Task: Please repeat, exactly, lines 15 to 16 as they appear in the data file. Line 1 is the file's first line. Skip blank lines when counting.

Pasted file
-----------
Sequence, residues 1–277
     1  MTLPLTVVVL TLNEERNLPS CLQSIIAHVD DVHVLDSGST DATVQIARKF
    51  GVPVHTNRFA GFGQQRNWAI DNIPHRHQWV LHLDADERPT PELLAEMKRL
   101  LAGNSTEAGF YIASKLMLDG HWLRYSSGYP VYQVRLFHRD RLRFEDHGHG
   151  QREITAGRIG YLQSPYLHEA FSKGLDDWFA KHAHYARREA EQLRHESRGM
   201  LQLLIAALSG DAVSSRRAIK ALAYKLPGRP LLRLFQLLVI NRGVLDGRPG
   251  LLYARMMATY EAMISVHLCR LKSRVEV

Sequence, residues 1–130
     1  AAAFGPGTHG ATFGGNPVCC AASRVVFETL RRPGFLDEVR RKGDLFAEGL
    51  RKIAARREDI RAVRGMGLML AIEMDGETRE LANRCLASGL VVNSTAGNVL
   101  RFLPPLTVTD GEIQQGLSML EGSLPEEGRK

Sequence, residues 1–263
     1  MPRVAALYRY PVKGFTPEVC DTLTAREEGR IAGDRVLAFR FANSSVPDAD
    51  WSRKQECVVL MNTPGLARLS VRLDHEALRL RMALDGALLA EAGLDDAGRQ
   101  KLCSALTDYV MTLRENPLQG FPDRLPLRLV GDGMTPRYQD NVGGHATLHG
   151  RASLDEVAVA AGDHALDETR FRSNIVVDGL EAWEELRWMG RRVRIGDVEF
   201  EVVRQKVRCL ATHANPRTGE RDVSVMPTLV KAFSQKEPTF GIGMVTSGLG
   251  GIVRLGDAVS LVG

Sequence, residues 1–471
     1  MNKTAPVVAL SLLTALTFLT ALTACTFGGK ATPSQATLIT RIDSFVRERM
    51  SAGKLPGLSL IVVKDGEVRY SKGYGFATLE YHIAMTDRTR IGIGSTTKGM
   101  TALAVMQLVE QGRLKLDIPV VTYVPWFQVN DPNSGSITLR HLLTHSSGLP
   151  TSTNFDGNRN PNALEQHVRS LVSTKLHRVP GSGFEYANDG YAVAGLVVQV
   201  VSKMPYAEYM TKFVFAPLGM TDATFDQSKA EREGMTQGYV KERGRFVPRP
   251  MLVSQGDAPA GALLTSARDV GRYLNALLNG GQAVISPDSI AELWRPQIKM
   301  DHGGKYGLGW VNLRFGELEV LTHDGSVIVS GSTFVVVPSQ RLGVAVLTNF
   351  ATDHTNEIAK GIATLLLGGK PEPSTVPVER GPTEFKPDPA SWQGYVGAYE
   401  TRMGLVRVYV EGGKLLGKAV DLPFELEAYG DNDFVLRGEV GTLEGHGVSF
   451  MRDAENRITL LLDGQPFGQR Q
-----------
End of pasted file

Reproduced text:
   101  KLCSALTDYV MTLRENPLQG FPDRLPLRLV GDGMTPRYQD NVGGHATLHG
   151  RASLDEVAVA AGDHALDETR FRSNIVVDGL EAWEELRWMG RRVRIGDVEF